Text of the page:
“Manufacturer claims latest leap in size and power means machine can supply almost 100,000 people and slash build costs.
Mingyang Smart Energy set out its stall to take China’s offshore wind industry to a new level of ultra-large turbines with its latest 140-metre-blade MySE 18.X-28X to “move beyond the 18MW threshold”.
The giant machine, unveiled by the Chinese OEM today (Friday), boasts a rotor diameter above 280 metres and 66,000m2 swept area, said Mingyang as it joined compatriot CSSC Haizhuang at the 18MW mark and suggested there is more to come.
The manufacturer claimed at an average 8.5 metres/second the turbine will generate 80GWh annually, enough to supply almost 100,000 people, in the latest in a seemingly endless string of announcements from China’s wind industry seeking to push the boundaries of technology in the sector.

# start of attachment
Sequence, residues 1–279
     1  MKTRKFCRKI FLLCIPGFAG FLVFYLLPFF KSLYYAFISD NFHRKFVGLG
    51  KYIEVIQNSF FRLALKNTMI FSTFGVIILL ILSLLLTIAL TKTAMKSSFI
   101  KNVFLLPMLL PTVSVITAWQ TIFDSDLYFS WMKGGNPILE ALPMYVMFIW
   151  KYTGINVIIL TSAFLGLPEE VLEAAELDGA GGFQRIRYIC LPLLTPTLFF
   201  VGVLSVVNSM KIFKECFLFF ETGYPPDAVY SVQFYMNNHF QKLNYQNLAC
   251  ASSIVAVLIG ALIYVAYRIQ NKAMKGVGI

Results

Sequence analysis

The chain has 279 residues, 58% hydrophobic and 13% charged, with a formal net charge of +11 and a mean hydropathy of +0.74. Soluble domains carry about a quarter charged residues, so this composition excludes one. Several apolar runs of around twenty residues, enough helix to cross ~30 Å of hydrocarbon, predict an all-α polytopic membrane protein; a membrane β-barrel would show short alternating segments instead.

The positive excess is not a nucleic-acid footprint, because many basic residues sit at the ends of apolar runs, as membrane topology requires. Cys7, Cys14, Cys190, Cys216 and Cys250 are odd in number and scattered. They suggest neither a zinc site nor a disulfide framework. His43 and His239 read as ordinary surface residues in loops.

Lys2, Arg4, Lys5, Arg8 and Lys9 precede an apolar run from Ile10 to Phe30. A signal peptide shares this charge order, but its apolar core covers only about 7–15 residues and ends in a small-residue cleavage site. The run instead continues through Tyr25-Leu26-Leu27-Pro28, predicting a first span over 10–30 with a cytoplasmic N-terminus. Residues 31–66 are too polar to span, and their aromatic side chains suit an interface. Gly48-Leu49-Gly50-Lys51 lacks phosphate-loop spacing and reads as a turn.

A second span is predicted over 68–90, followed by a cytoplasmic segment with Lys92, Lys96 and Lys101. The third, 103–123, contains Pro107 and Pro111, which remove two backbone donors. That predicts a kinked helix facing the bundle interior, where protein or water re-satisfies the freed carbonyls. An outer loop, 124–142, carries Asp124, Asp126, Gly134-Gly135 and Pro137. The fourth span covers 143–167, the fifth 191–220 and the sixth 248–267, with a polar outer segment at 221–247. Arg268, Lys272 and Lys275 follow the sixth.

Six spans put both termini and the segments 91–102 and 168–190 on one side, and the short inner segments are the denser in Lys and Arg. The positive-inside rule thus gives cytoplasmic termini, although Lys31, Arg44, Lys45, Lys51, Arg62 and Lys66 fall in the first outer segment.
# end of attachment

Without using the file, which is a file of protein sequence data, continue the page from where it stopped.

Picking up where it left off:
“When compared to the installation of 13MW models, the higher output of the MySE18.X-28X would save 18 units required for a 1GW wind farm, shaving off construction costs by $120,000-150,000 per megawatt,” it said, adding that the turbine would be able to cope with extreme conditions such as a level-17 typhoons with 56 metre/second wind speeds.
There was no indication of production timelines or other details of commercial introduction plans in a brief statement announcing the launch on social media.
Mingyang’s 140-metre blades compare to the 128-metre components on CSSC’s turbine and the 115.5-metre ones on Vestas’ 15MW flagship.
Some in the global offshore wind industry have suggested that continual ramping up in scale of turbines is presenting logistical challenges for the supply chain and a pause is needed.
But the latest Mingyang launch confirms hints reported by Recharge last year by the ambitious OEM that it saw no reason to pause the scale-up in offshore wind turbines.
Mingyang’s European chief told an industry event there is “clear demand” for even larger turbines than the 118-metre-blade 16MW model that was until now its largest on the blocks.
The company has already made inroads into the European market with turbines in place off Italy and a plan to deploy machines at a pioneering UK floating project.”